17
tail */filename

works, but

tail -1 */filename

doesn't. Why is this? And is there a 1 liner to perform this task without loops?

head -1 */filename

works for some strange reason.

4
  • Thanks, that works, but can you explain why it does that?
    – mrkent
    Apr 27, 2012 at 16:01
  • Also, what's the best way to tail and list them in natural numeric order, like the way ls -v does. I think just using tail */filename, directories 1, 10, 11, 12, etc would be listed together, while I want 1, 2, 3, 4, ... to be listed together. Thanks.
    – mrkent
    Apr 27, 2012 at 16:08
  • head and tail are just designed differently; tail requires -n, head uses -n for any number n. You should post your other request as a separate question, to make it easier for others to find in the future.
    – chepner
    Apr 27, 2012 at 16:33
  • It is difficult to offer solutions when the problem statement is simply, "it doesn't work". Please edit your question to give a more complete description of what you expected to happen and how that differs from the actual results. See How to Ask for hints on what makes a good explanation. Apr 27, 2017 at 15:36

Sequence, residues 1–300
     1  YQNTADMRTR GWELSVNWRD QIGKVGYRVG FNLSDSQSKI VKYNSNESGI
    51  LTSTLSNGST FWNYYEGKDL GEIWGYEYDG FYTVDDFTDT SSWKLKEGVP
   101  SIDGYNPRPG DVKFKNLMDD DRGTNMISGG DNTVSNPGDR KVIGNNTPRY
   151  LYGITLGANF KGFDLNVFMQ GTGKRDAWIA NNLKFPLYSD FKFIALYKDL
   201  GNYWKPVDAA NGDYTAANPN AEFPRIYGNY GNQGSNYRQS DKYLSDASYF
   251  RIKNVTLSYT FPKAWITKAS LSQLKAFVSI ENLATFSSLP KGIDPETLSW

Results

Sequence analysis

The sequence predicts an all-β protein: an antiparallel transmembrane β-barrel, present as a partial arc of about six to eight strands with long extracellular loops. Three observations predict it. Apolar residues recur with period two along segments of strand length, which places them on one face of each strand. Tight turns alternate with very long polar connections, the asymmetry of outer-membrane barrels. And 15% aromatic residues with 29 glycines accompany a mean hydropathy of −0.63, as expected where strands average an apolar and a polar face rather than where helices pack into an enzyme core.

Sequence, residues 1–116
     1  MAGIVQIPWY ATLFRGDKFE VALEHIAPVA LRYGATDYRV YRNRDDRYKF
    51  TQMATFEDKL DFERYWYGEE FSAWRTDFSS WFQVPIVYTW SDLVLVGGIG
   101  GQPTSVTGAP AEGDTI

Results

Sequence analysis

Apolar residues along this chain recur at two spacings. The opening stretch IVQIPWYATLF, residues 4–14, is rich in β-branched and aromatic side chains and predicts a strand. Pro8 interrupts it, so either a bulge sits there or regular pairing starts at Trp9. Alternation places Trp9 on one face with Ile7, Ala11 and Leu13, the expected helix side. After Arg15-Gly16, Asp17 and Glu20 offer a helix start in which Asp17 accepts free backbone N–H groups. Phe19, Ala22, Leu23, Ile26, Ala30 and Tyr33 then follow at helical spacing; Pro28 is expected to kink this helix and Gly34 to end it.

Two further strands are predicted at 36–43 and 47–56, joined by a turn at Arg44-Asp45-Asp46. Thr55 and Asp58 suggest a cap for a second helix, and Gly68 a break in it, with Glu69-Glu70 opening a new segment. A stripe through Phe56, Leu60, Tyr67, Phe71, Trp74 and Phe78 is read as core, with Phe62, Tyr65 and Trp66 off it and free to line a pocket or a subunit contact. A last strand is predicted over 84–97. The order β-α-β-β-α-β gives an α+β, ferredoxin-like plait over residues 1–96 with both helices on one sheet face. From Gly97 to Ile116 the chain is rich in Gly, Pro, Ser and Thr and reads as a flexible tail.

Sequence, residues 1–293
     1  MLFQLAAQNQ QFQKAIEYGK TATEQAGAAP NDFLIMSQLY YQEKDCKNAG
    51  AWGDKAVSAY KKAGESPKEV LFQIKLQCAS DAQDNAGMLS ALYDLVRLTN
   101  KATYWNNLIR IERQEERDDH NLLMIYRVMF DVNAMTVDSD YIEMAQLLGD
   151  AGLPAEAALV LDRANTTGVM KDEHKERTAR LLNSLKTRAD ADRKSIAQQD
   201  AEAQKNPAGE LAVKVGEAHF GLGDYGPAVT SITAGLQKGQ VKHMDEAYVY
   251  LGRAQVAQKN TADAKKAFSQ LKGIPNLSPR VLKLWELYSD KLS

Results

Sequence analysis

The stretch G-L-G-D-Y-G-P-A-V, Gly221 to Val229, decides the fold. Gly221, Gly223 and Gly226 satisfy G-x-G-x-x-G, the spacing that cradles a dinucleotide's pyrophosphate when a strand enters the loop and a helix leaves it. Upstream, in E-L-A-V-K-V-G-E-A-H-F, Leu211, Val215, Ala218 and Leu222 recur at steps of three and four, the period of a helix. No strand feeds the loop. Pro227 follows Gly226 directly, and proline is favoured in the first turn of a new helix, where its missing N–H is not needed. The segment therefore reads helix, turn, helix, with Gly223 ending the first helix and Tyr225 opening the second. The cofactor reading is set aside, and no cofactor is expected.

2 Answers 2

32

While head works with -1 on multiple files, tail does not. But it works with the -n argument instead:

tail -n 1 */filename
0
7

If you are still looking for answer please try below one :

Go to the directory in which file are available and execute below command

ls -1|while read file; do tail -1 $file; done

Your Answer

By clicking “Post Your Answer”, you agree to our terms of service and acknowledge you have read our privacy policy.

Not the answer you're looking for? Browse other questions tagged or ask your own question.